It came as no surprise to me when I struggled with infertility. After a few months of trying for pregnancy the conventional way, I visited a doctor. I submitted to a series of medical tests, gave the doctors plenty of my blood, and had ultrasound upon ultrasound. After all the tests came to an end, the conclusion was as expected: I rarely, if ever, ovulated. While most women have about a 20% chance of getting pregnant each month, my numbers were more like 20% each year. At that rate, if I was lucky, I could possibly have 1 or 2 children by the time my child-bearing years came to a close. Or, I could have none. Percentages just work like that sometimes.
First things first, I started on Clomid. After several attempts and increased dosages, this was ruled ineffective. The failure of Clomid was unfortunate. It was, far and away, the cheapest way for me to get pregnant. The next option was injectable drugs combined with artificial insemination (think turkey-baster) – fairly inexpensive, with a 10% chance of success. I was skeptical of this option, as it often produced more than 2 eggs. And with more than 2 eggs, you sometimes get more than 2 babies. That was not a risk I felt comfortable taking.
We decided instead to try invitro-fertilization (IVF). And the next few months are part of what I now see as a comedy of errors. While not so funny at the time, each month brought a different problem – a problem that certainly didn’t end with a pregnancy. My 3 day business trip – the only business trip I had in a year’s time- fell exactly during the time I had to be in town. The next month, the way I mangled the instructions for the injections certainly helped put my ego in check. Then I had to be out of town for my brother’s wedding. Finally, in January 2008, the pieces came together. I figured out how to follow instructions and appropriately injected the medication. My body finally got the combination of hormones it needed to produce some viable eggs. And produce it did. I went in to the doctor to have my eggs removed, and 36 eggs later, I was ready to go home.
Not all the eggs were good quality, but after 5 days I had 6 healthy, strong embryos waiting to turn into cute little babies. I went back to the doctor to have one of those embryos implanted into my uterus. I lay down on the table, just minutes away from the moment I’d been waiting for. My chance at pregnancy. The nurse began with an ultrasound; she gave me a worried look and left the room. She returned with a doctor. He looked at the ultrasound and repeated her look of concern. He then told me that they would be unable to perform the implantation that day. I’d developed ovarian hyperstimulation syndrome (OHSS). Instantly, I was overcome with sadness. I knew that OHSS could, in some cases, be fatal in pregnant women, but I really didn’t care. I thought to myself, “I don’t care if I have to be hospitalized, PUT THAT BABY IN ME.” But I didn’t say that out loud. I knew the doctor and my husband would not allow such a risk to be taken. I slowly trudged back to the car. My time would come. Hopefully.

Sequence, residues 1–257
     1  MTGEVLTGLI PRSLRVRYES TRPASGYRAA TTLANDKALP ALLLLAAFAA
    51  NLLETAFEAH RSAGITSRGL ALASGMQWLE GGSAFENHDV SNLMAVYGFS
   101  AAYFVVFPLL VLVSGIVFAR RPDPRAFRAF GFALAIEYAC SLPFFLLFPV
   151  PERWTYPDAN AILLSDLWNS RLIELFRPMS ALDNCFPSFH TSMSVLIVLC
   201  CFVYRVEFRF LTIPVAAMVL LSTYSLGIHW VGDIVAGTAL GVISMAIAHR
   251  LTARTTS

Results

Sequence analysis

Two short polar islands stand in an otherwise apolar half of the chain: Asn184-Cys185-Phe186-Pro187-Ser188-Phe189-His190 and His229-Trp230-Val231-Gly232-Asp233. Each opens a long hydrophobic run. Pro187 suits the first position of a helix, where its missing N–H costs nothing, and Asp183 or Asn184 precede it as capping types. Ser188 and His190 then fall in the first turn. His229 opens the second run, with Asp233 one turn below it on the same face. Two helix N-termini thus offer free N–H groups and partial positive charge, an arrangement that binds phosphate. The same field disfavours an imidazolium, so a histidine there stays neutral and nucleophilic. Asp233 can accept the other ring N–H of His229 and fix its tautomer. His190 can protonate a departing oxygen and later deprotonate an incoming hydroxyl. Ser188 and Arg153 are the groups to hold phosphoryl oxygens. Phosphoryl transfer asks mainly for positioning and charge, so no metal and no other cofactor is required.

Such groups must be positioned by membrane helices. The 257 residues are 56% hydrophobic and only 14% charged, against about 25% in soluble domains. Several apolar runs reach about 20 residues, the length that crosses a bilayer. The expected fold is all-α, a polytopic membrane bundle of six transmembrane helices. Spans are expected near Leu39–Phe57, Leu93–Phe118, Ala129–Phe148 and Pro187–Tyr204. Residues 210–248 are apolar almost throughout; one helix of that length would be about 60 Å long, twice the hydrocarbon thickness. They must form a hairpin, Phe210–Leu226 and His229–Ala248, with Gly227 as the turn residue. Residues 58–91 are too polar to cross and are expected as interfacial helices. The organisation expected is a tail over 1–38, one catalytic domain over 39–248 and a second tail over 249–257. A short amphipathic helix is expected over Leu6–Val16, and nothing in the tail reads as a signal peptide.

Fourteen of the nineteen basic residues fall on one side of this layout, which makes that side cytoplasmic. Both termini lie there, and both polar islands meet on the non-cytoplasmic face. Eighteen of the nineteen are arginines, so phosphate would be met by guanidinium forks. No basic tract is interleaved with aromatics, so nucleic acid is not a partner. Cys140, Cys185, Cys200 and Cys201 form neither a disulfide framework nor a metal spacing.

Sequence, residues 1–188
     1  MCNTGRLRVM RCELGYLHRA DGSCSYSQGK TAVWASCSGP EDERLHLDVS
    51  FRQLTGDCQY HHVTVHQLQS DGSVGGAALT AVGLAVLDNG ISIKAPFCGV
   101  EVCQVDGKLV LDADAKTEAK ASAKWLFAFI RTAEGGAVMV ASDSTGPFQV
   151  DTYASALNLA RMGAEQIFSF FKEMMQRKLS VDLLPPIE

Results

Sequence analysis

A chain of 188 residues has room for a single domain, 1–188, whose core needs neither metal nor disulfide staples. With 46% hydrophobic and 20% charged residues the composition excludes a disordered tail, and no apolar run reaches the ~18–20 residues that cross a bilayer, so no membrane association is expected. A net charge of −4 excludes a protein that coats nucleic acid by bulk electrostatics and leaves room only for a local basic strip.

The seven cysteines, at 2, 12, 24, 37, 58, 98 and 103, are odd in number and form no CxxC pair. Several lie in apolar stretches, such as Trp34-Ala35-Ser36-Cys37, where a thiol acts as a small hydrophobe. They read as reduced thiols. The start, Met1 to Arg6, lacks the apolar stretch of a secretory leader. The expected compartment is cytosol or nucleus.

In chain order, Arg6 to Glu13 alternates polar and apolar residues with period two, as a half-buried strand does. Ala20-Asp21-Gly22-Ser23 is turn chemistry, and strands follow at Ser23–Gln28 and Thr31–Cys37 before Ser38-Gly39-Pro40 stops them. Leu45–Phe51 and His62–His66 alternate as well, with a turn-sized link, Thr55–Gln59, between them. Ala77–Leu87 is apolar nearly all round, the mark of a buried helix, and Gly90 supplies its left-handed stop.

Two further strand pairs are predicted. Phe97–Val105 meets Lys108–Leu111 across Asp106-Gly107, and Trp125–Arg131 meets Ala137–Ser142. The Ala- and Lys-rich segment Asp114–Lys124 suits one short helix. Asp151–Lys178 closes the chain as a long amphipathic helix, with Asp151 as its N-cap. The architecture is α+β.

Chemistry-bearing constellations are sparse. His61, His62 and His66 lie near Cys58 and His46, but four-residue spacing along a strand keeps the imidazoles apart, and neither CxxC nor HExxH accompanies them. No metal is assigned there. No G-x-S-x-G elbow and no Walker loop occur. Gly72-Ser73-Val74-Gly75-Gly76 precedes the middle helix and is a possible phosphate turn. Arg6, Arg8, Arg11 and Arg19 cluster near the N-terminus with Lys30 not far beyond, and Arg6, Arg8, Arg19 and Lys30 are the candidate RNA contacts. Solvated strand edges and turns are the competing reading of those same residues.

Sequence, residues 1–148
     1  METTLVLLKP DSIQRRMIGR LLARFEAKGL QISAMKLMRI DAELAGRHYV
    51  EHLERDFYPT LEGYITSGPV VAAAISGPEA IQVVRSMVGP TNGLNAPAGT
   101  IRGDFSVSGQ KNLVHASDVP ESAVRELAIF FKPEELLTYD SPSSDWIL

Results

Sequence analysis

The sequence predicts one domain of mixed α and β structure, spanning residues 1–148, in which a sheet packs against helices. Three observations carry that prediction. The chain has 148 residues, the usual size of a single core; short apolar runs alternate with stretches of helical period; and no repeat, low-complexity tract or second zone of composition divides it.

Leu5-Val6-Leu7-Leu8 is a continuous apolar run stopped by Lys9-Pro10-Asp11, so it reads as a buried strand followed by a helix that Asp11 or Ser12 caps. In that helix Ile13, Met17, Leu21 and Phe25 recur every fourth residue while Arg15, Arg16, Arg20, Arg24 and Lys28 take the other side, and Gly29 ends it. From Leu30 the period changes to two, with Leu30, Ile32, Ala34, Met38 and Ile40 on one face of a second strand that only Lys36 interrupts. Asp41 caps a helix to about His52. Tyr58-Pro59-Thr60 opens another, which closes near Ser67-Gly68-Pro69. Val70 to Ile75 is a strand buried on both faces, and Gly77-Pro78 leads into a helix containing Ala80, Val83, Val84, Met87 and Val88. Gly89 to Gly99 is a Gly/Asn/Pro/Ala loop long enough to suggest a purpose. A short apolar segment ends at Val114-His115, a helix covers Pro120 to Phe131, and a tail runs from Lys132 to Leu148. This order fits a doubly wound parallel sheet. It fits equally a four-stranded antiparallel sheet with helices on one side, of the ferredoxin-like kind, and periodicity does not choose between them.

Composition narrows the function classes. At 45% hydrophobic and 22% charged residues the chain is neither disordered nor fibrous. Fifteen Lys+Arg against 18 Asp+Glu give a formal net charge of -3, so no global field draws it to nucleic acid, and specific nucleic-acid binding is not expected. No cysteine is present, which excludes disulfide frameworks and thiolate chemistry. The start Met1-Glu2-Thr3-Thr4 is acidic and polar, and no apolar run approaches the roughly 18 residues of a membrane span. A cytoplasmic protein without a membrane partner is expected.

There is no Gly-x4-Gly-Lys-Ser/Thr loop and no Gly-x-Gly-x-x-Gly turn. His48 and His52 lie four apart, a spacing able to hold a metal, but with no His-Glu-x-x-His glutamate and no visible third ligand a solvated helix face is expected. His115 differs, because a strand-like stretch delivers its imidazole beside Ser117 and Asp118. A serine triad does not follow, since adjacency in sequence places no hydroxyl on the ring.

My six embryos were placed in the freezer. I only had one more month to try before fall, as Joel and I were spending our summer in Michigan. I was going to be out of the country for one week during the month of opportunity, but as long as I had my medication with me, that week in Mexico wouldn’t cause a problem. I confirmed with my nurse that the prescriptions were into the pharmacy, and the day before getting on the plane, I went to pick them up. Just as I should have suspected, the pharmacy had no record of my prescriptions, and my doctor’s office was closed. I called every other pharmacy I could think of. Nothing. My only hope now was that a pharmacy in Mexico would carry the drugs – and in Mexico, you don’t need a prescription. Random fertility drug carried by a Mexican pharmacy? Not my luck.
Somehow, my body actually did what it is supposed to do, and I managed without the drugs (this has never happened since). A few weeks later, a thawed embryo was placed inside me. Two weeks after that, my amazing nurse Chris called me with the news that I was pregnant. I was shocked. Thrilled, full of joy, giddy, but still, shocked.
2 years and 4 months after our first attempt, and 1 year and 8 months after first engaging the miracle of science, a baby started to grow within me. A miracle indeed.
From Kristy Williams.
Note from Design Mom: for the duration of my pregnancy, I’ll be posting advice, memories and stories about pregnancy, childbirth, adoption and growing a family on Wednesdays. You can find them all by clicking here. I’d love to hear your story or memory or advice, feel free to submit it to firstname.lastname@example.org.